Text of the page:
At last the curtain of Covid isolation is lifting.
It looks like we can start to go about our lives with some familiar sense of routine once more.
A hug or a handshake will be a long way off, but for now we must console ourselves with going back to school, a limited return of community sport, and gatherings of 20 people at home and in cafes.
From Monday we can visit galleries, museums, zoos, drive-in cinemas and historic sites and we can enjoy an overnight stay at a hotel or a camp site.
It's all a bit suck-it-and-see. What exactly is, or is not, allowed needs some careful research on government websites.
This probably won't please the black and white rule observers among us.
But it's a start.
Let's not forget this has never happened before, and there will be grey areas - for instance how far can you travel for a holiday? Can you holiday in another state? Can you shop for clothes? On top of all this, different states have different rules.
This whole thing is going to be long, tedious and awkward for all of us - none more so than for artists.
During the lockdown period, the arts have been a pillar of sanity and connection for many of us.
How many have been glued to original Netflix series made possible by actors, camera and lighting operators, make-up, costume and set design people?
Who hasn't been moved by the brilliant extension of the pub choir to a global level?
Hundreds of people singing the Carpenters’ Close to You or David Bowie's Heroes in harmony across the world was an uplifting light-filled memory I will take away from this whole dark tunnel we are living through.
Locally, it has been a real treat to watch our own artists live-stream their music from Barmah to Wunghnu to central Shepparton with Sam and Sam But Different, Riverlinks Live and Jessica Lorraine all adding ambience and song to our evenings at home. Shepparton Art Museum's online workshops and gallery tours have been a treat. I applaud them all - and those who have made it possible.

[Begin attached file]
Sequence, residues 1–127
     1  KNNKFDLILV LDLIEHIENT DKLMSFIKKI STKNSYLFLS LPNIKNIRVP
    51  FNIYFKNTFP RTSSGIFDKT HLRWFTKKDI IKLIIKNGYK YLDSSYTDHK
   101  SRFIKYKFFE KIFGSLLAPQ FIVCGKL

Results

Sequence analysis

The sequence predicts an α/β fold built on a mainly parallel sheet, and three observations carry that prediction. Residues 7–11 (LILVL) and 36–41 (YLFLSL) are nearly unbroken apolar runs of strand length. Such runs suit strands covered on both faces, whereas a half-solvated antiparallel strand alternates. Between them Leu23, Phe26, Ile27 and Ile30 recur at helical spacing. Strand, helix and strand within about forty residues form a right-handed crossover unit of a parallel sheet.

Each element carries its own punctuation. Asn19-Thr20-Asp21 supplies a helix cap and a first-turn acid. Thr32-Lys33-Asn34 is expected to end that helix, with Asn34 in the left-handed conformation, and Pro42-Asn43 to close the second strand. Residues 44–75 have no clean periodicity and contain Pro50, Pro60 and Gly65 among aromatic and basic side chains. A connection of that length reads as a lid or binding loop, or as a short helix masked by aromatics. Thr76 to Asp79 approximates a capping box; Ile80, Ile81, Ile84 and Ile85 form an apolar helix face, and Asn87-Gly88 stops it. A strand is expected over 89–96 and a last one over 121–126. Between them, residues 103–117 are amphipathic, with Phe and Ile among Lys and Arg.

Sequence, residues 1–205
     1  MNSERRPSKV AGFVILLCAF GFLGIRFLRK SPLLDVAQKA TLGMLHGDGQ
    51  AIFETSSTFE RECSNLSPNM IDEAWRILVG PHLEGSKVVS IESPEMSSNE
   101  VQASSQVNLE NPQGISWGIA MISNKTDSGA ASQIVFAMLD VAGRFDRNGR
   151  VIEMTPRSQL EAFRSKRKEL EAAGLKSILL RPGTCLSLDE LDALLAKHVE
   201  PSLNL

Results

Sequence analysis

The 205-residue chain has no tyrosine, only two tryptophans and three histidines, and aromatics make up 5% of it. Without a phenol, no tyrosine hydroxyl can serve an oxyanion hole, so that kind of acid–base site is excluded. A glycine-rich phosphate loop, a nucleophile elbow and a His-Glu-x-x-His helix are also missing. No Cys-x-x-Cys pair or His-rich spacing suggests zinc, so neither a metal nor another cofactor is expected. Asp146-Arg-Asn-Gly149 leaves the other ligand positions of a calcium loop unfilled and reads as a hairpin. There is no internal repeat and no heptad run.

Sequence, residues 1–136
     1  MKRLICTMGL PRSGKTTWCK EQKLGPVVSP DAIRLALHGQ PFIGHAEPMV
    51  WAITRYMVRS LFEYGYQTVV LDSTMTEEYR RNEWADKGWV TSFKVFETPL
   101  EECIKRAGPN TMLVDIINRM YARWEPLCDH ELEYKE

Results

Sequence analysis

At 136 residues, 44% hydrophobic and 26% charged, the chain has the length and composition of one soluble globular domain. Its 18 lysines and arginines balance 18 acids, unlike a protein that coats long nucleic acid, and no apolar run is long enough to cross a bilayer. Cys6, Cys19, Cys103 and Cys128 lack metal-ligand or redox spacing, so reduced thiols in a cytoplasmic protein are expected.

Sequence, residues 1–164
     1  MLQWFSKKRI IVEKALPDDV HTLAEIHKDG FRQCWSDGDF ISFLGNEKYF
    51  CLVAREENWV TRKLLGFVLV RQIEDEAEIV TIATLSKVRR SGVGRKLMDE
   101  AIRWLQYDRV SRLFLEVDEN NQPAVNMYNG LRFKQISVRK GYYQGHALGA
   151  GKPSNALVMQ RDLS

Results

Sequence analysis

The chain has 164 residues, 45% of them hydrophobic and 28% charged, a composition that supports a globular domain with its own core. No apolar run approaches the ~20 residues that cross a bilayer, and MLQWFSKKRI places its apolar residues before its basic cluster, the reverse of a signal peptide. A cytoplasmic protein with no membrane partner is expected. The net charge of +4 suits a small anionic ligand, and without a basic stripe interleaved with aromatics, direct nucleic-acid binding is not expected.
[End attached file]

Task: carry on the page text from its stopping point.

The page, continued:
But let's not forget the thousands of artists, often young people just starting out on their hopeful careers, who have had their dreams stifled by cancelled performances and exhibitions.
Many of them will slip through the JobKeeper safety net because the nature of their work means they are classed as casual workers. Even their day jobs in restaurants and cafes have disappeared.
We can all help by buying their music and their art online.
We can also help by remembering the $112 billion a year our creative and cultural activity contributes to the Australian economy each year. We can then confidently tell the federal government to return the arts to the status it deserves and take it out of the ridiculously-named Department of Infrastructure, Transport, Regional Development and Communications.
Post-Covid we can do better.
A country with no Minister for the Arts is not a nation or even a collective, it's just an economy, and a soulless one at that.